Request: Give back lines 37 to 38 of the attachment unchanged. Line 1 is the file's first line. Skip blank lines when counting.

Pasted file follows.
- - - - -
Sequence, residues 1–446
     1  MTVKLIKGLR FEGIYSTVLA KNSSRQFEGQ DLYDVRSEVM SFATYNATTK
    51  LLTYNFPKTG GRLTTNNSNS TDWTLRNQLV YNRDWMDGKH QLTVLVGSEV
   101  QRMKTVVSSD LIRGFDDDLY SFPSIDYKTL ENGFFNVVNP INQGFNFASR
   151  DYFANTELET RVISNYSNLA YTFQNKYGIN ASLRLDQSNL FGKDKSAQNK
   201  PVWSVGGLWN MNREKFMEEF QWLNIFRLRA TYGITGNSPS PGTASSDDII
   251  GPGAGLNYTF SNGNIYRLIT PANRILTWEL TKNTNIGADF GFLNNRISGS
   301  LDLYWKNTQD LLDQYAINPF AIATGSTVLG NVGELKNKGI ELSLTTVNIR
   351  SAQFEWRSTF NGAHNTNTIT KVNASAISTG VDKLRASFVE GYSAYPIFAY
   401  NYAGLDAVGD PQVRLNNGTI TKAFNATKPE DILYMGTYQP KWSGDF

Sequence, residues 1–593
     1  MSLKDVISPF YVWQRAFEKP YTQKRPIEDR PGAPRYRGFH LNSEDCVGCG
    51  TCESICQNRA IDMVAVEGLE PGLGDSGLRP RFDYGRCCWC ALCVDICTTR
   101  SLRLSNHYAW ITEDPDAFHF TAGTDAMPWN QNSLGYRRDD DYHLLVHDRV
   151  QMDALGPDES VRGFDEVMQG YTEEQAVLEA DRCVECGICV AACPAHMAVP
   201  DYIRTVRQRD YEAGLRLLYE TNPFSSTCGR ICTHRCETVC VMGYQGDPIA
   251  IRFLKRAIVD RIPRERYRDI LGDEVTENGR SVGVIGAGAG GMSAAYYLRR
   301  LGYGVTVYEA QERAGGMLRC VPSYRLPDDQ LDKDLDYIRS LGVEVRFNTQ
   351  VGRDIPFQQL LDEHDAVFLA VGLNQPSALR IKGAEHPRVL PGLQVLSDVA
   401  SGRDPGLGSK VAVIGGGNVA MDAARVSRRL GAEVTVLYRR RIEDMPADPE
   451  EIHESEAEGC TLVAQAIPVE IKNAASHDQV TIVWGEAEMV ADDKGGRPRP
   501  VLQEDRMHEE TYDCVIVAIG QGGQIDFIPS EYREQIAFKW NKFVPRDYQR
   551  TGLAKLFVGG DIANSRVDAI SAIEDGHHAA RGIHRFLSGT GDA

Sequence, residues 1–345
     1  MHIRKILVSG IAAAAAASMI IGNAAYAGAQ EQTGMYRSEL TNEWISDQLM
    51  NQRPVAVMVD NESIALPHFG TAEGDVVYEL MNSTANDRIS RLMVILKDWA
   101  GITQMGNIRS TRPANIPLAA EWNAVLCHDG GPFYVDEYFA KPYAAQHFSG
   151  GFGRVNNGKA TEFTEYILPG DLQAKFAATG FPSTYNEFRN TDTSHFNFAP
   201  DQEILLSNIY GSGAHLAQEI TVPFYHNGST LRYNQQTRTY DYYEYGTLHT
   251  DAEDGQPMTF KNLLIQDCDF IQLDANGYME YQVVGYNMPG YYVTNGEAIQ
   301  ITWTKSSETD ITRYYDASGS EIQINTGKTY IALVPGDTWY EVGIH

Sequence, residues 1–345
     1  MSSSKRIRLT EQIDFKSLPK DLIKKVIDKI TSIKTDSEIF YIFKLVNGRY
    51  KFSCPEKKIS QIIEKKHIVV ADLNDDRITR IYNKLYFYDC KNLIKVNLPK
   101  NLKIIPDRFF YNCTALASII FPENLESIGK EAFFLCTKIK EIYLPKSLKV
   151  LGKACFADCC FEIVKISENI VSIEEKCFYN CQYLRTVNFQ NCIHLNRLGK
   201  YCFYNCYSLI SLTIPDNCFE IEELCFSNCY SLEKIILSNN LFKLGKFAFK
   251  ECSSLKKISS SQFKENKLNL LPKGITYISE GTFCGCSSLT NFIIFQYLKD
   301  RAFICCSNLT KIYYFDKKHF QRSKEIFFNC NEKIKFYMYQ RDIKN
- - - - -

   201  YCFYNCYSLI SLTIPDNCFE IEELCFSNCY SLEKIILSNN LFKLGKFAFK
   251  ECSSLKKISS SQFKENKLNL LPKGITYISE GTFCGCSSLT NFIIFQYLKD